I’m a nerd. I’m in fact such a big nerd that I tend to look up word origins in my spare time because I’m fascinated by our language. The odder the origin, the better. I’ve got a collection of random information in my brain that makes me an awesome Trivial Pursuit partner, but is completely useless when it comes to real world application. Like say, job applications.
In any case, I thought I’d share some of this random crap with you in the form of the new acronym-ific series. I give you – Word Origins from Left Field – that’s right, the WOLF. Er… ignore the fact that the “from” doesn’t fit.
Today, I want to talk to you about the cut of your jib.
Every heard someone say they don’t like the cut of someone else’s jib?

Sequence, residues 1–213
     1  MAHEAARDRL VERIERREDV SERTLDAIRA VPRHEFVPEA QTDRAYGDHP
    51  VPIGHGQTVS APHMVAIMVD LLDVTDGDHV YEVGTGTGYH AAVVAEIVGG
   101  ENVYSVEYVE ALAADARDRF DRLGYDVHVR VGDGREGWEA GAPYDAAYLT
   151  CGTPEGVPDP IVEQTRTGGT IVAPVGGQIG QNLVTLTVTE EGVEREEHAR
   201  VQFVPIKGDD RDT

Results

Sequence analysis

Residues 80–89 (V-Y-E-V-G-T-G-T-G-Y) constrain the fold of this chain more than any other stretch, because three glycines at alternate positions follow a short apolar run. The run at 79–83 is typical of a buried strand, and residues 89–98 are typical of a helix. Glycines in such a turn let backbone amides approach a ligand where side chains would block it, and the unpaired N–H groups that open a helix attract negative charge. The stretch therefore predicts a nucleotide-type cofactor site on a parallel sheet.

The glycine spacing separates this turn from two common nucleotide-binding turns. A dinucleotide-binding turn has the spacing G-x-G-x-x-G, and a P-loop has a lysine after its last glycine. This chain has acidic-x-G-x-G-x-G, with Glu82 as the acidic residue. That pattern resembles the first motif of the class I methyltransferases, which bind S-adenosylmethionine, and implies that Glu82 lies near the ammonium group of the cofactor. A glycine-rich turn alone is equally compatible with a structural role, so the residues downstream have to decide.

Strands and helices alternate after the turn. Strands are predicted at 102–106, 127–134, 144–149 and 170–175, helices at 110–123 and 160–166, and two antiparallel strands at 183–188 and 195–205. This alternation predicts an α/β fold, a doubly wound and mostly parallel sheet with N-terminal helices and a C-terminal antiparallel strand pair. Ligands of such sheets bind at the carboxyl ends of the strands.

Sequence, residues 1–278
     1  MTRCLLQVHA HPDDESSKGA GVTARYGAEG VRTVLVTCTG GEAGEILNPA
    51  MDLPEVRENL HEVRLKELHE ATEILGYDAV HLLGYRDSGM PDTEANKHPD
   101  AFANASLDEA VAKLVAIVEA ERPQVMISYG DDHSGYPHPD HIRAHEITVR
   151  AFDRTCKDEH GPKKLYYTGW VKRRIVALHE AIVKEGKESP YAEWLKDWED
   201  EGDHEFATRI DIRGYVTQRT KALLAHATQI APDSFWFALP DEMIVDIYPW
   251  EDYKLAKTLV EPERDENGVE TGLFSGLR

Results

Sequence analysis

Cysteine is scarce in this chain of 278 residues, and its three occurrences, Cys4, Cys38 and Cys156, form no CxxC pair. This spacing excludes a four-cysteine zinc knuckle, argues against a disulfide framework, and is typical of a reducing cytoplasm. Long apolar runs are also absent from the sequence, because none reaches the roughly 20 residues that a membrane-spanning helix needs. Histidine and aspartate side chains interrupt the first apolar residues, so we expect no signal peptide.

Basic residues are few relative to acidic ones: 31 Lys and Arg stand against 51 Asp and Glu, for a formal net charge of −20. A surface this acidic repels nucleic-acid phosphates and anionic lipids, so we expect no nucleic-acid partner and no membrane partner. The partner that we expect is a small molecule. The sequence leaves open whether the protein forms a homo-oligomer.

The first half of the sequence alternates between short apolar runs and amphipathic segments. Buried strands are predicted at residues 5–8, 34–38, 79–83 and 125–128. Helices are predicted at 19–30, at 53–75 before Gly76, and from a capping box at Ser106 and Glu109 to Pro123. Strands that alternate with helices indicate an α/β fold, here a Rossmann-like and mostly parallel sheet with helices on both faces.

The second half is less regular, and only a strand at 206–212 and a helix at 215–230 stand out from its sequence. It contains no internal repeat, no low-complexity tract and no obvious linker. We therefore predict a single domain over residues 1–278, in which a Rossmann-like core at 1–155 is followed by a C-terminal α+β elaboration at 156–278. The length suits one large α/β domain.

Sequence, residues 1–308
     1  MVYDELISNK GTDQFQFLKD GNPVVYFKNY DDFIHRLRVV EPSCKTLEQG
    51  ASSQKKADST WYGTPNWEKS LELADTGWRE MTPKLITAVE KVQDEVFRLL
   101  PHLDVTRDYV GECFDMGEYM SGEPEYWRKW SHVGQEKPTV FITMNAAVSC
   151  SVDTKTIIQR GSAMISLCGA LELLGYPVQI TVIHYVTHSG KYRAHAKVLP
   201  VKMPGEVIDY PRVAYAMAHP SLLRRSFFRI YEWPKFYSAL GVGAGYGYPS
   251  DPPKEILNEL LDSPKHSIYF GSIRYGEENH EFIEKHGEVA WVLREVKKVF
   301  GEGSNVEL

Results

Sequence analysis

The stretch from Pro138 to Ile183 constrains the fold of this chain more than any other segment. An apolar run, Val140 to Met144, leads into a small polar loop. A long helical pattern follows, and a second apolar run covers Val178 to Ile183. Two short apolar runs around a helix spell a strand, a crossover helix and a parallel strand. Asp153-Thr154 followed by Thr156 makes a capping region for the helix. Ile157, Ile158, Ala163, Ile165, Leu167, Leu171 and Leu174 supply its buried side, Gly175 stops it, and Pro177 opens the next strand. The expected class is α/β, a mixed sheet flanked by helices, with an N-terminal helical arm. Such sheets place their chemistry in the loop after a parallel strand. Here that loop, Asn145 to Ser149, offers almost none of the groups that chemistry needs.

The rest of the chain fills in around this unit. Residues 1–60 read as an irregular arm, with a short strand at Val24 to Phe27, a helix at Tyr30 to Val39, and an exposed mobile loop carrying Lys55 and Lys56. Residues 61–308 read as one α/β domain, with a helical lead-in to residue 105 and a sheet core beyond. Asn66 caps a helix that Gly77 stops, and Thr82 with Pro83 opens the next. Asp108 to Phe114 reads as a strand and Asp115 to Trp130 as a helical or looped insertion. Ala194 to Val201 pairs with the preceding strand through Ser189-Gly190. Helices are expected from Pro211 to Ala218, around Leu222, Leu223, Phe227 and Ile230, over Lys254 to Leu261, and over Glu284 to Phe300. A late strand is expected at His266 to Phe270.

It means that a negative first impression has been made, and we know that because of context clues and the general delivery. But – what’s a jib, anyway?
Interestingly, we get this little gem from sailing (we actually get a lot of phrases from the high seas – more to come). The jib is a triangular sail on the front of a ship, and most were shaped in accordance with the nationality of the ship. Therefore, other sailors could tell where this ship was hailing from, and subsequently whether this was someone they wanted to avoid or not.